I was one of the very few people who grabbed the pre-alpha version of We Happy Few back when it released in 2015. The concept intrigued me. However, the game was mostly lacking in its most essential punchline: a story. Or any quests for that matter. The only thing you could really do is bounce around, do some crafting, whack some guys, escape the city. It didn't feel great then. How could it? It was just pre-alpha. What it did do, however, is introduce us all to a craftily created, creepy version of the open world we would be playing in. The artwork was great, the graphics were good, and I enjoyed the crafting and survival mechanics as well. But it was so far from anything that could give me even a remote idea of what the end product could look like. I decided to pass, for now.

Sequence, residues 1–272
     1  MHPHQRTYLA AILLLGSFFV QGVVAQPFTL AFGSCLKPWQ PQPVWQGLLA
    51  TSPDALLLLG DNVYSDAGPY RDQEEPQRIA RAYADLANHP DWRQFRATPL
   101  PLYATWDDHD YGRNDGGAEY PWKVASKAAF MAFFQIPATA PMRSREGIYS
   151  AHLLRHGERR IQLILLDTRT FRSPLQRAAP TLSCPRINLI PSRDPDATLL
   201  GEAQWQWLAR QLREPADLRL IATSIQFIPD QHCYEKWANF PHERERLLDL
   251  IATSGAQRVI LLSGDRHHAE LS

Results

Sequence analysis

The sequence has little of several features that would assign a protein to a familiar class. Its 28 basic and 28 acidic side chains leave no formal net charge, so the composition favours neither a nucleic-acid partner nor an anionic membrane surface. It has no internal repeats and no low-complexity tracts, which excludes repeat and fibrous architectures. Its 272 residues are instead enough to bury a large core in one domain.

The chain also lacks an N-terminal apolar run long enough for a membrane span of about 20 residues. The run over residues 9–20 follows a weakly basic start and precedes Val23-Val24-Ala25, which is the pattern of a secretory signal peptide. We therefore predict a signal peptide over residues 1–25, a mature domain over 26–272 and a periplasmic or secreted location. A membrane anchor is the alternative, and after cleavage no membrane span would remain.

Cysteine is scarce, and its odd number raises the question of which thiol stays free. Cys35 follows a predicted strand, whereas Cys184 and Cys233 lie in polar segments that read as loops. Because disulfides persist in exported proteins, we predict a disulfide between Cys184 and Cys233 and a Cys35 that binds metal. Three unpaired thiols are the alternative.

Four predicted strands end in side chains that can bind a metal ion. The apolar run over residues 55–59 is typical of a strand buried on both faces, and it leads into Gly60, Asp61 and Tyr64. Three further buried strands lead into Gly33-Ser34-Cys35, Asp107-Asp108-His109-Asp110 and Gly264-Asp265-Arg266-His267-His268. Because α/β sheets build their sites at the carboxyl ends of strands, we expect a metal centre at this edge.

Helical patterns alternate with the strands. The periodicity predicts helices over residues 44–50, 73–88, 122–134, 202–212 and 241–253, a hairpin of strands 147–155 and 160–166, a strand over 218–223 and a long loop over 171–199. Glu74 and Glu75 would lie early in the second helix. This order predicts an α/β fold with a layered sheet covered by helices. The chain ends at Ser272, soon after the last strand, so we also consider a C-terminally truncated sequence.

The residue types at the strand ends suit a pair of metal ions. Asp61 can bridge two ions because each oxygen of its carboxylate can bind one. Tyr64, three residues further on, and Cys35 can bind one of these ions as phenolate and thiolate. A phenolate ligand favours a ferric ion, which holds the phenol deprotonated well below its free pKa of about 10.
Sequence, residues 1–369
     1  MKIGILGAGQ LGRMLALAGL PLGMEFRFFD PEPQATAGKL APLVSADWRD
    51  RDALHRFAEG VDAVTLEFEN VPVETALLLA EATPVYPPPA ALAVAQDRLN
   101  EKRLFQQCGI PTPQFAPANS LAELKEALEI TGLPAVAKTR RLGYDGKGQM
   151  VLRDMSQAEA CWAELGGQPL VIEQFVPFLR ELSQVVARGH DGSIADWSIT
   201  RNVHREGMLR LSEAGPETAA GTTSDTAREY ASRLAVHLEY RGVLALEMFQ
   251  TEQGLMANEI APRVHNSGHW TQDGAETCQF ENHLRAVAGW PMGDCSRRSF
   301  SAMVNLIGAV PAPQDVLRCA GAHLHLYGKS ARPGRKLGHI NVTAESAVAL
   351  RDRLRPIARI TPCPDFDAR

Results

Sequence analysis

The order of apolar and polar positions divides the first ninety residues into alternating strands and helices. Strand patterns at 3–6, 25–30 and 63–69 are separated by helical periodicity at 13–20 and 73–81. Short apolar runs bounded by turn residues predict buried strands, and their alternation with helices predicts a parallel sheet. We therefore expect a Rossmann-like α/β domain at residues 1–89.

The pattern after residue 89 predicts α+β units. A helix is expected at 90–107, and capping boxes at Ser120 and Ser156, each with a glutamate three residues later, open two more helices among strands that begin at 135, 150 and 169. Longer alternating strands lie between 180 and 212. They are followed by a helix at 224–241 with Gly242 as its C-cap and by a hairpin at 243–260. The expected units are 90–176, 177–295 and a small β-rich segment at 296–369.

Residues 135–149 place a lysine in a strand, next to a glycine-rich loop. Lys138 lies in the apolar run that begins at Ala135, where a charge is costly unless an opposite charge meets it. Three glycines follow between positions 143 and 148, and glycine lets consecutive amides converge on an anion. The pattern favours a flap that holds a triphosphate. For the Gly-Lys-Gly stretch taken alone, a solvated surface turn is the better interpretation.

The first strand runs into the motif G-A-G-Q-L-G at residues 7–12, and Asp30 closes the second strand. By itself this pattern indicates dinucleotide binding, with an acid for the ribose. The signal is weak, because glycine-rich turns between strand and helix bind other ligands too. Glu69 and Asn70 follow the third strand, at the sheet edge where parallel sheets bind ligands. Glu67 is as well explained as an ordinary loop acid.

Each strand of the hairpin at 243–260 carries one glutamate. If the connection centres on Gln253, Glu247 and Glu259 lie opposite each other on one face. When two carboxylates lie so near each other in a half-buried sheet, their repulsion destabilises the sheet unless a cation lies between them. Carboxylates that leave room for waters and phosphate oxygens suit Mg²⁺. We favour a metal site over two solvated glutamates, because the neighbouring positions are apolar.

In July 2016, when Compulsion Games decided to let loose an Early Access version of the intriguing title on Steam, I decided to grab it. The guys at Compulsion Games were really cooperative and were happy to help me out with a copy of the game as per request. I gave it a whirl, and I must say, I was positively impressed by what I saw. To those unfamiliar, We Happy Few is an open world survival game set in a retro-futuristic London, where its participation in World War II left England so devastated and war-torn that it had no choice but to use a synthesized drug called 'Joy' to keep the people from sinking into madness and sorrow. Simply put, Joy is an antidepressant. But it is an extreme. It simulates a feeling of induced happiness in its subjects, causing them to forget all unhappy memories and see the world as all unicorns and rainbows instead of the grim and morose pile of rubble that it really is. A great example of how the drug functions is in the intro, when the player, about to run out of the effects of his Joy, enters a room full of people celebrating a birthday. The player is pressured into striking open a pinata, which, when shattered, reveals to contain a dead rat inside, instead of the bunch of candies the drug-induced people around him see and eat (gross!).